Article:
Affiliations : Tommaso Santaniello; Ilaria Denti; Chloé Minnai; Yunsong Yan; Paolo Milani Interdisciplinary Centre for Nanostructured Materials and Interfaces (CIMaINa), Physics Department, University of Milan, Via Celoria 16, 20133, Milan, Italy

Resume : In the present work, the manufacturing and characterization of a novel hybrid paper/ionic polymer material able to generate bending actuation in response to low voltage electrical stimuli is reported. Thin gold films (200 nm thick) are fabricated on commercial copy paper using physical vapour deposition, in order to produce conductive metal electrodes on both sides of the sheets. The metalized paper is impregnated with a solution of an acrylic acid-based ionic conductive gel, blended with imidazolium-based ionic liquid, and the imbibed paper is then exposed to low power UV light to photo-crosslink and integrate the polymeric compound into the fibrous support platform. This process does not significantly alter the conductive properties of the metal electrodes, as revealed by electrical testing, neither the mechanical properties of the paper, and eventually leads to the formation of the hybrid material. Electro-responsive actuators are obtained by simply cutting the processed paper into strips, which showed to undergo controllable and reversible bending deformation for applied voltages ranging from 1 V to 7 V, as a result of the ionic phase redistribution in the integrated paper/polymer system. The electrochemical characteristics of the hybrid material were monitored using impedance spectroscopy and cyclic voltammetry.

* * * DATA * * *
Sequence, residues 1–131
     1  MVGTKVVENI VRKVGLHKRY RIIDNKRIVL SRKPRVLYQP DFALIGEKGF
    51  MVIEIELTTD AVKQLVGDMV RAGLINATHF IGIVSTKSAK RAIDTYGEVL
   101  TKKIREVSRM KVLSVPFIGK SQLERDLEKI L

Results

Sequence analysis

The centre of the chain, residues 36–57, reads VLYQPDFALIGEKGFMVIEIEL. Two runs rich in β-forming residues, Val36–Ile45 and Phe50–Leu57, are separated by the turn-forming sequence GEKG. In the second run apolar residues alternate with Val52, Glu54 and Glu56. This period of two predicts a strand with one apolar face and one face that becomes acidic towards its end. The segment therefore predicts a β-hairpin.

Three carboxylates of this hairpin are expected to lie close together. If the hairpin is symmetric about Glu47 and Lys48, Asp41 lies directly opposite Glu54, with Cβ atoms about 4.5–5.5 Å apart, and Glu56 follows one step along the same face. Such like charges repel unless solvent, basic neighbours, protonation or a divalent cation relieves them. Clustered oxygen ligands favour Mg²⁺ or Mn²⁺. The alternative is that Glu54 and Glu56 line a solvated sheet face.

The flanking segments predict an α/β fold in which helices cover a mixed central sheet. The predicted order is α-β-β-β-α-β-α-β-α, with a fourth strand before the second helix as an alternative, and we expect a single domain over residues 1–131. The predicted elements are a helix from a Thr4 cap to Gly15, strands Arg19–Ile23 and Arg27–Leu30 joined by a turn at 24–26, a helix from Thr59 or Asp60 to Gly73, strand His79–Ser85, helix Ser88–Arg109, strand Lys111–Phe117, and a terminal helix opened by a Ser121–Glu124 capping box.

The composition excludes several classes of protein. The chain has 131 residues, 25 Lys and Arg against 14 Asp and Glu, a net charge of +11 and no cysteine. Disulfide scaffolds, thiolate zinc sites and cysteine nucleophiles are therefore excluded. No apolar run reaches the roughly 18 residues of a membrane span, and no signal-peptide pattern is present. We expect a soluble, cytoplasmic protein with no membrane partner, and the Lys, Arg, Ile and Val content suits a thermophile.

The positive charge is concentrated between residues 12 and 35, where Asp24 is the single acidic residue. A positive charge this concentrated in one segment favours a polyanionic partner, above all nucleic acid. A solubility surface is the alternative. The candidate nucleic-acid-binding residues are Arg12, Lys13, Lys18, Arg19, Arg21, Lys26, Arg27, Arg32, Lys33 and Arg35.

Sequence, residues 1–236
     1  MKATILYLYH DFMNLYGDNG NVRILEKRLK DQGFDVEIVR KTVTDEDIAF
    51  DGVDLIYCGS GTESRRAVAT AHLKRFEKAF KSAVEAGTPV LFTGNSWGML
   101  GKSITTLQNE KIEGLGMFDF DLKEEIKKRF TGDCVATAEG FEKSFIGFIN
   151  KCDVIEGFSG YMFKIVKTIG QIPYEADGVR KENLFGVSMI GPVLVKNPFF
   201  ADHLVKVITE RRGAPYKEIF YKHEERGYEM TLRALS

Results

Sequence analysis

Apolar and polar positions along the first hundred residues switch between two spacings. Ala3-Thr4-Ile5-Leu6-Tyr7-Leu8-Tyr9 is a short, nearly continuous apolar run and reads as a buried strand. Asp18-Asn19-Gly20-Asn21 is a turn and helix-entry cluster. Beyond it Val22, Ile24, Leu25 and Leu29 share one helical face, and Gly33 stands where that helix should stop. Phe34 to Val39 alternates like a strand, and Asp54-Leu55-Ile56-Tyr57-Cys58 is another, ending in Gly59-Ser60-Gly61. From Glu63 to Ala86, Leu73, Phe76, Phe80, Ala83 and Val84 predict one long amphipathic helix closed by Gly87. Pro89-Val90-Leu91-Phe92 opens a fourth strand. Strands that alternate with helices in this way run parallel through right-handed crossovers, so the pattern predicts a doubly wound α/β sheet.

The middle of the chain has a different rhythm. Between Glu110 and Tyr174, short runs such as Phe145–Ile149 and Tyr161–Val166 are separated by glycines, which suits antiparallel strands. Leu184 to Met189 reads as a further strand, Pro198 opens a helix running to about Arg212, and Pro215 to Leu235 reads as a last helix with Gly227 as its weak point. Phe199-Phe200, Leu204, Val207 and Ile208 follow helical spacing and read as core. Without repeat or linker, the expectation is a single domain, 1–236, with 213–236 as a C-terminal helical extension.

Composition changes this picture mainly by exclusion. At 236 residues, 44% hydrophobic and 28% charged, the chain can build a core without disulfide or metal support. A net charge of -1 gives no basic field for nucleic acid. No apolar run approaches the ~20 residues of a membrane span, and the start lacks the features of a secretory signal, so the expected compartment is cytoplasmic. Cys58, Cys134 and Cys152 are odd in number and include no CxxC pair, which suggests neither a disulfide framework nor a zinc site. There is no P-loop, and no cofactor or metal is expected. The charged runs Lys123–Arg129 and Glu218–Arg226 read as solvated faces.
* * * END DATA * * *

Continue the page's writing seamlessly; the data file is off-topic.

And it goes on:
Authors : Dagmawi Belaineh1, Sapiens Malti2, Andrea Grimoldi1, Xavier Crispin1, Magnus Berggren1, Isak Engquist1
Affiliations : 1. Laboratory of Organic Electronics, Department of Science and Technology, Linköping University, Norrköping, Sweden 2. Department of Fibre and Polymer Technology, KTH—Royal Institute of Technology, Stockholm, Sweden

Resume : Recently a robust conducting paper composed of Poly(3,4-ethylene- dioxythiophene):poly(styrene-sulfonate) (PEDOT:PSS) and nanofibrillated cellulose (NFC) has been demonstrated. NFC-PEDOT is flexible, scalable and exhibits excellent electrical and mechanical properties. The superior mixed ion-electron conductivity of this paper promises a scalable bulk manufactory of supercapacitors which otherwise would not be possible using only PEDOT:PSS. In this report we do a systematic study of some key material parameters which determine the remarkable mechanical and electrical properties of this composite system. For this purpose, we use a range of PEDOT:PSS with varying conductivity, ionic purity and chemical stability. We also illustrate the direct effect of the chemical and morphological makeup of the cellulose material on device properties by using cellulose with varying charged groups and molecular weights to tune the power and energy characteristics of supercapacitors.

Poster Session : Luís Pereira
Authors : Caio H. N. Barros, Bruna F. Morais, Danijela Stanisic, Mayra Mariño, Ljubica Tasic
Affiliations : Laboratório de Química Biológica, Instituto de Química, Universidade Estadual de Campinas - UNICAMP, Campinas - SP, Brazil